St. Davids Lions celebrate 50 years of serving community
Don Slingerland says the St. Davids Lions hall has seen some additions and improvements during the last 50 years, and members have come and gone, but the club’s goals and the camaraderie among members haven’t changed.
Don Slingerland remembers meeting in St. Davids United Church 50 years ago with a nucleus of men who wanted to form a service club.
They had witnessed the values of the Niagara Falls Lions Club, and wanted to do something similar in their own community.
In short order, they had purchases a piece of property across the street from the church and had their first meeting.
The property had been part of the canning factory, and had a small farmhouse on it. With minor renovations, that became their first St. Davids Lions Hall, where the 44 charter members met twice a month.
They had each signed a bank note for $1,000 to cover the mortgage, he said.
“It made me nervous, because we didn’t have a lot in those days, but it was paid off quickly.”
And it wasn’t long before the Lions were bringing in enough money to begin spending it where needed in the community.
In those days, says Slingerland, they made up baskets for those in need at Christmas, and purchased eye glasses for individuals who had sight problems but couldn’t afford glasses.
People would come to them for help, and there was always a folder of requests to go through.
Since then, they’ve taken on dog guides as one of their major projects, have supported many minor sports teams and given out student burseries.
They support St. Davids School, and Lions international projects, mainly in the area of eye care.
Slingerland is the only one of the 44 men still alive and still a St. Davids Lions member.
He’s never been president of the club, never gone in for the “politics,” but has always been a contributing member. He’s missed only one carnival—this year is the 50th—and that was because he was recovering from a heart attack.
They also built a swimming pool on the property, and then gave that part of the property and the pool to the Town to maintain.
They raised money from an annual hunters’ stag they held—there were several fishermen and hunters in the club—from the carnival, regular fish fries, Christmas tree sales and other activities.
The main prize at the carnival, their major fundraiser, has been everything from a 10-horsepower outboard motor—Slingerland says his father won that and it still runs—a trailer, a boat, a car, and now, $10,000.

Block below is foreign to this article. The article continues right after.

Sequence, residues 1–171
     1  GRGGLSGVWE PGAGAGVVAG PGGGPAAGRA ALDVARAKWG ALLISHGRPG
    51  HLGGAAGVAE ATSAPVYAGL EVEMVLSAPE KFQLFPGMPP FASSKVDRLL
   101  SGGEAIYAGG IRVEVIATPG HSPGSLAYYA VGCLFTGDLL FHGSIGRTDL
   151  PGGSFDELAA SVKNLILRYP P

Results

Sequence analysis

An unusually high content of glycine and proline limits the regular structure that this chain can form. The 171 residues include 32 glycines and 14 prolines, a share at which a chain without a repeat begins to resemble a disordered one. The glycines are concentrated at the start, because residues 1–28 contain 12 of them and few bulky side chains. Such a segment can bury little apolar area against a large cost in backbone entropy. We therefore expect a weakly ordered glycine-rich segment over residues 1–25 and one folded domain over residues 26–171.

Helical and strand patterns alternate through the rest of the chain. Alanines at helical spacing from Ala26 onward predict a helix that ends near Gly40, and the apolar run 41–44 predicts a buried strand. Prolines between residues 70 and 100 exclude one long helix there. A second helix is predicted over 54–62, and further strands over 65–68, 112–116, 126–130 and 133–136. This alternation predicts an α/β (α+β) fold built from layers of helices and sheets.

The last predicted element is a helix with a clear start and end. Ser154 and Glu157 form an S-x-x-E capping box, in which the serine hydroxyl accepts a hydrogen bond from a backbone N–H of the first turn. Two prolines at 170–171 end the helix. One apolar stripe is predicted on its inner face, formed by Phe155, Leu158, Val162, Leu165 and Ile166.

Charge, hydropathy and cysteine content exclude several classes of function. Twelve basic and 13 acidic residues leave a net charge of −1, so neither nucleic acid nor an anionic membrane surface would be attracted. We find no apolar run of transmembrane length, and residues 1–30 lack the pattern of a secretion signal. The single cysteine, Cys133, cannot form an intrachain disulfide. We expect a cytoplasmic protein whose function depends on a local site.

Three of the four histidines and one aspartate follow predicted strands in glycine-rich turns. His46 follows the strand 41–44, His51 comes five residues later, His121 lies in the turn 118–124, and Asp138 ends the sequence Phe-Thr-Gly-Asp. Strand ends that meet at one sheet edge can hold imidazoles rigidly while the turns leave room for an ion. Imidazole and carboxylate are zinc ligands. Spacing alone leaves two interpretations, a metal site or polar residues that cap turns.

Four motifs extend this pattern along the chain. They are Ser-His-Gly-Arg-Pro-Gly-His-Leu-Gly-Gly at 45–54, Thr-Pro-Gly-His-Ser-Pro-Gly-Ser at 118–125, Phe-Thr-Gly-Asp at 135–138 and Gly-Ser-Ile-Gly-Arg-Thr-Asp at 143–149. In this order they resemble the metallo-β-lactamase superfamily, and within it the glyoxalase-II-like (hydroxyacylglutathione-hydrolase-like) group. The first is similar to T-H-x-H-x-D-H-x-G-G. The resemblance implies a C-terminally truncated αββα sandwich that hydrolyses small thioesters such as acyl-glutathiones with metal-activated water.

“When we were giving away a car, it got to the point that we were worried about whether we would be able to pay for it,” he said.
The hall has had two major additions to the original building, and many renovations. It’s been rented out for events from family reunions to weddings, and is in the process of another update to make it more attractive as a community centre.
The Lioness have also used it for their regular meetings for the last 35 years.
The Lions used to have the women of the St. Davids United Church cater their twice-monthly dinner meetings, but now the Lioness make the meal for one meeting a month and the other is provided by a catering company.
Other than the improvements to the York Road hall, and members who have come and gone—at one point membership was almost reached 100, and is now down to about 65—not much has changed. The core values remain the same, said Slingerland.
“Our motto is ‘we serve,’ and we do, in so many ways.”
That, and the friendship and socializing with a great group, are what attracts members, he says.
“This is my community, and being a Lion is a way to be part of it. And we always have fun at our meetings.”
Although the club has a larger membership than some, it still struggles, says Al Snider, twice president of the club and now ending a year as district governor.
He’s been a member for 33 years, and with his father George, brother Doug and son Richard all St. Davids Lions, he is one of the only three-generation members in his club.
Like Slingerland, Snider says the social aspect of the club is the main attraction, along with helping others, in the community and beyond.
Bigger clubs such as theirs attract members because they can do more, and having a club house is also an advantage.
But even with their membership, he said, their activities are curtailed out of necessity.
They still manage to put on the same carnival each year, thanks to a lot of help from family, but it’s a struggle.
“The more members we have the more we can do. People hesitate to join because they think it’s going to take up a lot of time, but if you want to do any kind of service, even an hour or two, whatever, that’s fine,” says Snider.
“If someone’s interested in service work, we’ll give them the avenue to do it.”